The Rev. Leigh Spruill preached on the parable of the Sower and the Seed from Matthew 13:1-9 yesterday. I’d heard it many times and as Leigh remarked, “Some parables are like distant cousins that we see once every few years at family reunions. We think we know them because they are so familiar, but then we realize that we really don’t know them at all.”
Leigh repeated an oft-asked question, “Why do some seeds fall on some people and not take root?” I immediately thought about the Christians who I’ve met over the years who are faithful churchgoers and who claim their Christian birthright, but they lead their lives as if they’ve never heard of Christ. Quick to judge and condemn, they exhibit everything but the love of Christ to their fellow man. They are the beaten down paths where the birds are able to feast on the seed.
But it wasn’t “those people” that Rev. Spruill was talking about; he was talking about me. He continued, “A far better question is not if we are good soil, but where in our lives are we not living like we are supposed to. These are the areas with the brambles and the weeds where the thorns have grown up and eventually have choked out the seeds.”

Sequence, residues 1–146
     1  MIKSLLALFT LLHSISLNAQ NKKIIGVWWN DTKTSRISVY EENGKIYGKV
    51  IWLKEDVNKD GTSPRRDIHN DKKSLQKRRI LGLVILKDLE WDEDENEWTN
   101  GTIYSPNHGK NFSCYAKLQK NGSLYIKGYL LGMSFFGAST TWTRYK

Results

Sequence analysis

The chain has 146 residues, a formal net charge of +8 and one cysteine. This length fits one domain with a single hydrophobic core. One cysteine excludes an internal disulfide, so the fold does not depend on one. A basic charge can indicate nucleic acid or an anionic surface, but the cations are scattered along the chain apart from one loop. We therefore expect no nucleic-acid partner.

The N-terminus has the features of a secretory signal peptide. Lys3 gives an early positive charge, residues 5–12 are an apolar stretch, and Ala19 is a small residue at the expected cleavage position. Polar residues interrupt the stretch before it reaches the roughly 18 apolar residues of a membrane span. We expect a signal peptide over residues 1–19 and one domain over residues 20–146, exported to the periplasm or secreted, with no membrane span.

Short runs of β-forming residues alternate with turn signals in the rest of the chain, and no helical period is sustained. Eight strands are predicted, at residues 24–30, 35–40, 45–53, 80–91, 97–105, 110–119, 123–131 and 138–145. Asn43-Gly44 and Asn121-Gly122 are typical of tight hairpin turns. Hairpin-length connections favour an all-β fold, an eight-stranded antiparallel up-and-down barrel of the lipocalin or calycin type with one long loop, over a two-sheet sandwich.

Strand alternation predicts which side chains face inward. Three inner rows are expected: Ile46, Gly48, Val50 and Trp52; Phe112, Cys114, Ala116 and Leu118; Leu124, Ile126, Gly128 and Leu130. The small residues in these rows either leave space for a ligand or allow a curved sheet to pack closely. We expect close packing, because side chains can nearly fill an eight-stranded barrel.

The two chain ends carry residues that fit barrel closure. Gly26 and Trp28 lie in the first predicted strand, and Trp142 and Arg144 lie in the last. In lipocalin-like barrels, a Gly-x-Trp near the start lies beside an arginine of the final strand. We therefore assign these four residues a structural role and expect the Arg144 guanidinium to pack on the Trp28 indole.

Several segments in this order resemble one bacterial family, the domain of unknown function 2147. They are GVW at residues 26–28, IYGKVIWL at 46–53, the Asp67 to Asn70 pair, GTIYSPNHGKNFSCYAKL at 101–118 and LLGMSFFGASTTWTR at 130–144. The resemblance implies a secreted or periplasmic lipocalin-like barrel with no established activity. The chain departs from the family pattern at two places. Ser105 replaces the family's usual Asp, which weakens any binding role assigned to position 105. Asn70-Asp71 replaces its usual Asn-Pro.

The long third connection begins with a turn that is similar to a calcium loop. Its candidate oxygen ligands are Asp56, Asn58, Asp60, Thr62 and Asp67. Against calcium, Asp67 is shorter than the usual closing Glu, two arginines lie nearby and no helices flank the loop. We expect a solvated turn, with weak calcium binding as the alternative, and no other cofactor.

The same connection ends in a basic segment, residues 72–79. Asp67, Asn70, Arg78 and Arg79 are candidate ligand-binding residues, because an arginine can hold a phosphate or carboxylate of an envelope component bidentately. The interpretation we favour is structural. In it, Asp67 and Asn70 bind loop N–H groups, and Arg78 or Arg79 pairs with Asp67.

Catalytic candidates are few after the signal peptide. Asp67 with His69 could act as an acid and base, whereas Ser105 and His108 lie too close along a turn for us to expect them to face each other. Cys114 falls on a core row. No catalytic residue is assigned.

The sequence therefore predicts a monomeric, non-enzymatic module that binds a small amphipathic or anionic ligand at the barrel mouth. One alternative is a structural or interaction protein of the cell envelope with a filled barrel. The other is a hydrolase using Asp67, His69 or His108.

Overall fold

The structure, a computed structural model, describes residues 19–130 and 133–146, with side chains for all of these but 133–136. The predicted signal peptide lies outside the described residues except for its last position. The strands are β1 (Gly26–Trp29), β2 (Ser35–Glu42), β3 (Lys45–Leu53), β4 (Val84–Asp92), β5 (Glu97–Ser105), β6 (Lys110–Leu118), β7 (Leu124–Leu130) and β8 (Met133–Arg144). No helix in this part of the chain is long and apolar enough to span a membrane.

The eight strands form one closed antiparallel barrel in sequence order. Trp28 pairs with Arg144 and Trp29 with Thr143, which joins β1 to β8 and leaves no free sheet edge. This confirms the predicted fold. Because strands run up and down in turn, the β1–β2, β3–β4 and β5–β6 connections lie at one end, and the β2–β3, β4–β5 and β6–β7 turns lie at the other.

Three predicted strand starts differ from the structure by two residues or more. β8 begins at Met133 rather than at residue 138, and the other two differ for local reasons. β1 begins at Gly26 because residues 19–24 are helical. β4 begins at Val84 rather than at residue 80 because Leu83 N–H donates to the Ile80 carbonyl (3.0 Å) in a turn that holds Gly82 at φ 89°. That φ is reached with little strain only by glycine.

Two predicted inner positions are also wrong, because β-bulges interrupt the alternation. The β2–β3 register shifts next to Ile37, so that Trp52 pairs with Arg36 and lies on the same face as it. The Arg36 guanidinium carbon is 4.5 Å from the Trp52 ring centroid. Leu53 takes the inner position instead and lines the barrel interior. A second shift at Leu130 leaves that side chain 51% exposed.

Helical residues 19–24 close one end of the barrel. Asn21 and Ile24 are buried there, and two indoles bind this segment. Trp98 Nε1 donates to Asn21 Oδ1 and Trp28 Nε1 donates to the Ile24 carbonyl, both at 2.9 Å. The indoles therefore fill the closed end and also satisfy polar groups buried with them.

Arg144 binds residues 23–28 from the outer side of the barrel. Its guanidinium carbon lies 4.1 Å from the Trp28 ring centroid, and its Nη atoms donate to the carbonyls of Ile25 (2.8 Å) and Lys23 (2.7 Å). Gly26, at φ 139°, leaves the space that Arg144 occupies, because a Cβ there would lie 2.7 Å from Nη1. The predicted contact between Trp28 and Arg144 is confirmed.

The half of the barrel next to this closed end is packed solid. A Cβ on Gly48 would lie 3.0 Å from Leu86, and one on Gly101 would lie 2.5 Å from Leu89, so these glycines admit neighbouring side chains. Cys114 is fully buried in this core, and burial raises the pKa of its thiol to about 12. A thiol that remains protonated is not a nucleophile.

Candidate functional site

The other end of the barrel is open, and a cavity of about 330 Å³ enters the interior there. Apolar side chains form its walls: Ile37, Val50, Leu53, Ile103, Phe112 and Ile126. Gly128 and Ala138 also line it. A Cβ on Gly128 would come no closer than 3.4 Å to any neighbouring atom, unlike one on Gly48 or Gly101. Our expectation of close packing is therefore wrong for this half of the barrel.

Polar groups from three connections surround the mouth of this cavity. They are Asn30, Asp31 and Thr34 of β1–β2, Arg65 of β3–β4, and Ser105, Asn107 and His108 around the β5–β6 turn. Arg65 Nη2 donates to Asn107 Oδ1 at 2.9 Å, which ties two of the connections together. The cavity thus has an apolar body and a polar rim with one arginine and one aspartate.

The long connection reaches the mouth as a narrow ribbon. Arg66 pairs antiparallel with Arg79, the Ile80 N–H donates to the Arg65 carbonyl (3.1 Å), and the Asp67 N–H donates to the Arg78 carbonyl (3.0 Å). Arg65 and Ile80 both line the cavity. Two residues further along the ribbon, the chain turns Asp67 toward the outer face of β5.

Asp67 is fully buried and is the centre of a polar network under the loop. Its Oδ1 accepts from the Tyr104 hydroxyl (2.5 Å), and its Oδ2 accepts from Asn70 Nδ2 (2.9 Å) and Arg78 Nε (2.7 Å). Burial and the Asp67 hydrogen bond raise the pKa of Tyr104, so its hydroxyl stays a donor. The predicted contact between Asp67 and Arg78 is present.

I thought back to my life before 2007 and admitted that my rocky path had always been about unmarried sex. I was always monogamous, having sex with a boyfriend, but one who I was not married to. After my divorce in 2008 I was back in the dating scene and I asked myself the hard question, “Is that what God intended, that people would have sex without the commitment of marriage?”
I had known since I was 18 what God’s answer was, but it was hard to reconcile that our enlightened culture was wrong in reducing sex to a fun but casual encounter, like going to dinner or seeing a movie.
After much searching, I realized that casual sex for me is a form of emotional abuse and it was the hardened, beaten down path in my life. I admitted that I either had sex with someone who I really didn’t care about enough to spend my life with, or I was hoping that the relationship would eventually turn into marriage. In the first case, I was the abuser, leading him on when there was no future in our relationship. In the second, I was inflicting the abuse on myself by not being honest about my feelings and using sex as a glue to hold our relationship together.
I have more hard patches of brambles and weeds in my life, but I confess that I can’t clear the rocks on my own. It is only when I admit my brokenness and hardness of heart that I discover God’s power in my weakness.
Rev. Spruill commented “the soil must be dug up and turned over in order to be ready to receive the seed.” That is sure true in my life and I am grateful for the tilling.